This Saturday, Big Time Brewery marks a milestone in Seattle beer history

roy and rick mclaughlin, big time brewery.


This Saturday, Big Time Brewery and Alehouse marks its 33rd anniversary. You’re invited to join the celebration by enjoying a special, commemorative beer.

Whenever Big Time Brewery marks a milestone, it packs some historical significance. Roll the clock back to 1932 and you’d find beer lovers around Seattle celebrating the end of Washington state’s Prohibition laws. Happy days were here again, but it would take another 56 years for a brewpub to open in Seattle. In 1988, Big Time Brewery and Alehouse opened in the University District, the first brewpub to operate in Seattle since the enactment of Washington state’s Prohibition in 1916*.

big time brewery owner, rick.
Rick, the owner, welcomes you to Seattle’s original brewpub. Images swiped from social media.

Big Time Brewery and Alehouse endures as the city’s oldest brewpub and longest-running independent brewery. A lot has changed –the menu, the staff, the regulars, the beers, the owners– but the pub is now exactly what it has always been: a friendly and convivial place to enjoy a meal and a great, house-brewed beer.


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Today, the Big Time is helmed by the McLaughlin brothers (pictured at top). Roy brews the beer and Rick runs the show. When the opportunity arose seven years ago, a former Big Time bartender, Rick McLaughlin, cobbled together the funds and financing needed to purchase the brewpub. Seattle’s most-venerated beer institution could not be in more capable hands. The place is looking better than ever, they’ve added a beer garden out front, and Roy’s beers are outstanding.

This Saturday, Big Time Brewery and Alehouse celebrates its 33rd anniversary. This milestone is certainly worthy of celebration. “It’s our anniversary, We are turning 33 years old!” said a statement on social media. “Come help us celebrate and have a glass or bottle to go of our anniversary beer! It’s called “RWBOWB” which stands for, Rye Whiskey Barrel aged Old Wooly Barleywine.”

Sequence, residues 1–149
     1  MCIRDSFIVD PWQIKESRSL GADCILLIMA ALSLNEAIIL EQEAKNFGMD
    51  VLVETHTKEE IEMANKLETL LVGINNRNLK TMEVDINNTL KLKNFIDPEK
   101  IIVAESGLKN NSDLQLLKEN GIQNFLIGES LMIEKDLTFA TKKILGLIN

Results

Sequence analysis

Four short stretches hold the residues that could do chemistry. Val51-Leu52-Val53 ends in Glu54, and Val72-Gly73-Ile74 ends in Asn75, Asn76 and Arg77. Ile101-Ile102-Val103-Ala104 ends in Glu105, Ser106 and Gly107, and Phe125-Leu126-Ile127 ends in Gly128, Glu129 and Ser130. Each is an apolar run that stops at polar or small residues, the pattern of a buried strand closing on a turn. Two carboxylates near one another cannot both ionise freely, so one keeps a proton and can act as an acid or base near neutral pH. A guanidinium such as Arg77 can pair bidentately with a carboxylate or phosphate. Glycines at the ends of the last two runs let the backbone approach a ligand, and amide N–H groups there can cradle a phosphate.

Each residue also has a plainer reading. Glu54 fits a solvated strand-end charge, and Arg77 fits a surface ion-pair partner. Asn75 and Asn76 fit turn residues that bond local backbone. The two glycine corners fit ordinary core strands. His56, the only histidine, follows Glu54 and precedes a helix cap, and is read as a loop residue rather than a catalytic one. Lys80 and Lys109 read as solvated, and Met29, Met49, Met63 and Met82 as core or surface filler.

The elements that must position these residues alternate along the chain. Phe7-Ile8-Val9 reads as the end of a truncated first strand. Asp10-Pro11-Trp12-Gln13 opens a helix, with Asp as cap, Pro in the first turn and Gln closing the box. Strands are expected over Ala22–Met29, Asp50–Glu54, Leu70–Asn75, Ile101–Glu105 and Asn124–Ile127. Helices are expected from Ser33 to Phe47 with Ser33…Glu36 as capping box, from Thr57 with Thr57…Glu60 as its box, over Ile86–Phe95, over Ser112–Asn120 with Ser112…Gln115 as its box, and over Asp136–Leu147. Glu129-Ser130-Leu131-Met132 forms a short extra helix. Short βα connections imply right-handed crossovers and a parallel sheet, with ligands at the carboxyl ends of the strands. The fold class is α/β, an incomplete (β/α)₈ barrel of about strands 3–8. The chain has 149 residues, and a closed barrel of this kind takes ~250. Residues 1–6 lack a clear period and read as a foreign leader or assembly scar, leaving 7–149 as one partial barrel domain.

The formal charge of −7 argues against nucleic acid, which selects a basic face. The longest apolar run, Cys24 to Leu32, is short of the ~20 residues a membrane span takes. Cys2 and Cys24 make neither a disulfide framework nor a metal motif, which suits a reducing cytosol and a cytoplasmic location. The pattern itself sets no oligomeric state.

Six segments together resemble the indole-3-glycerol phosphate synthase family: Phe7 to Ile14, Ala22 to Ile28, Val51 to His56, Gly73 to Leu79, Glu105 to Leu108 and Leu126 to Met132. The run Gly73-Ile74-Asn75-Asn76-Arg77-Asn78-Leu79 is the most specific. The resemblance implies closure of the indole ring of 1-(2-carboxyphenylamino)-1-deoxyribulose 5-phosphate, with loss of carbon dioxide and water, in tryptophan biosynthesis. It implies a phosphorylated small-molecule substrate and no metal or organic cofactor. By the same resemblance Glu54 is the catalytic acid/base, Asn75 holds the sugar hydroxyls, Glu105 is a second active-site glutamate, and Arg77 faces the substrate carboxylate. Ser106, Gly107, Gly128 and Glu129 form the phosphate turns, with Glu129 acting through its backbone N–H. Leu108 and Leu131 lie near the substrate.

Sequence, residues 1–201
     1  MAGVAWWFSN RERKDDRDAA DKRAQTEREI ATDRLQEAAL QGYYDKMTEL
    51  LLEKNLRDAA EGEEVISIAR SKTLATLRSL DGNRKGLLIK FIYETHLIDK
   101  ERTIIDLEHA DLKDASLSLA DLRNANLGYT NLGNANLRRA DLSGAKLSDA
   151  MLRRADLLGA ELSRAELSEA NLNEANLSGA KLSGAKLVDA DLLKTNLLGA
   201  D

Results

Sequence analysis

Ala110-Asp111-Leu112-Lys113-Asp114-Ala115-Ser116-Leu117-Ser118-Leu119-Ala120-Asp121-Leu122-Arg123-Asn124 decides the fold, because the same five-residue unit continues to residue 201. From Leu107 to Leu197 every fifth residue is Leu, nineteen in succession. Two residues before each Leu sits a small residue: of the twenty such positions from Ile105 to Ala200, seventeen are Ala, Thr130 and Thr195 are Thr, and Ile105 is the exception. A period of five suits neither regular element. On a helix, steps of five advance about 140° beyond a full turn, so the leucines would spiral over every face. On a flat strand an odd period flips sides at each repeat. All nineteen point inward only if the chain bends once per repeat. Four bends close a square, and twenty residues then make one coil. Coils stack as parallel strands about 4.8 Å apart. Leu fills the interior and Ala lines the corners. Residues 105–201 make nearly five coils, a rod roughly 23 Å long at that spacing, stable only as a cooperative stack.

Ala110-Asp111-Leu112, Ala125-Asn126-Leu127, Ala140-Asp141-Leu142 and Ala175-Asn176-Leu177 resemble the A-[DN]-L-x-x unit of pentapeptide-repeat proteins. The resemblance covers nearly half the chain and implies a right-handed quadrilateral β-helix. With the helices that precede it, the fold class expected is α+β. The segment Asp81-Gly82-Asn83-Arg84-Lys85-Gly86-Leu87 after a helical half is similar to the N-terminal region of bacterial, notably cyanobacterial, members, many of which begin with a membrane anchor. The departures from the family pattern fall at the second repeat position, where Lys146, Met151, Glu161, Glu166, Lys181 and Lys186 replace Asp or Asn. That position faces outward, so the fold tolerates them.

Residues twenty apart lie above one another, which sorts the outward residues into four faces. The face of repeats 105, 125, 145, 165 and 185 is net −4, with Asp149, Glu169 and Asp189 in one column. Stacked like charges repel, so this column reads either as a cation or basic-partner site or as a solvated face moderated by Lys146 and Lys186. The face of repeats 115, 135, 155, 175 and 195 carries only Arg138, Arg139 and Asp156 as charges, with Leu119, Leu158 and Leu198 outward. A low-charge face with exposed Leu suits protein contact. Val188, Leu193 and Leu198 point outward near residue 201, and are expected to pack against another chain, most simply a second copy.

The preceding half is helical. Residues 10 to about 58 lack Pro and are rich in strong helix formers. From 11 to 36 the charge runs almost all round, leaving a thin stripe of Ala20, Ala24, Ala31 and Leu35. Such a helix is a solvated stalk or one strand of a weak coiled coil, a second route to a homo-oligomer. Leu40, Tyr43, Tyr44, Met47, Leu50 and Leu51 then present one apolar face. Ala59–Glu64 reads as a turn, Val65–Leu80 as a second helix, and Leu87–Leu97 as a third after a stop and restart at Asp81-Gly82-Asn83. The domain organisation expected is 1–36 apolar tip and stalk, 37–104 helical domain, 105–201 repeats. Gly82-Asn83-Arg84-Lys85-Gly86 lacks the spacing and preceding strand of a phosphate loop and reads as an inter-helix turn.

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big time brewery old wooly.

The beer will be on tap at the brewpub and available to go in bottles. (Limited supply of bottles; you know what to do.) Who knows what other gems might find their way out of the cellar?

“It is both humbling and amazing that we have had the privilege of serving you all amazing beers and delicious food for so long. Please join us on December 11th from noon to midnight and cheers with us. There will be a couple of surprise kegs of beer from our cellar on tap as well.”


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From My Own Perspective

Rarely do I possess a clear, precise recollection of exactly where I was so many years ago. Big Time Brewery opened on December 8, 1988. I was a much younger man, but I was at the Big Time on December 9th. One-third of a century later, I still lament missing opening day.

Here’s something I wrote that was published in Seattle magazine back in 2015.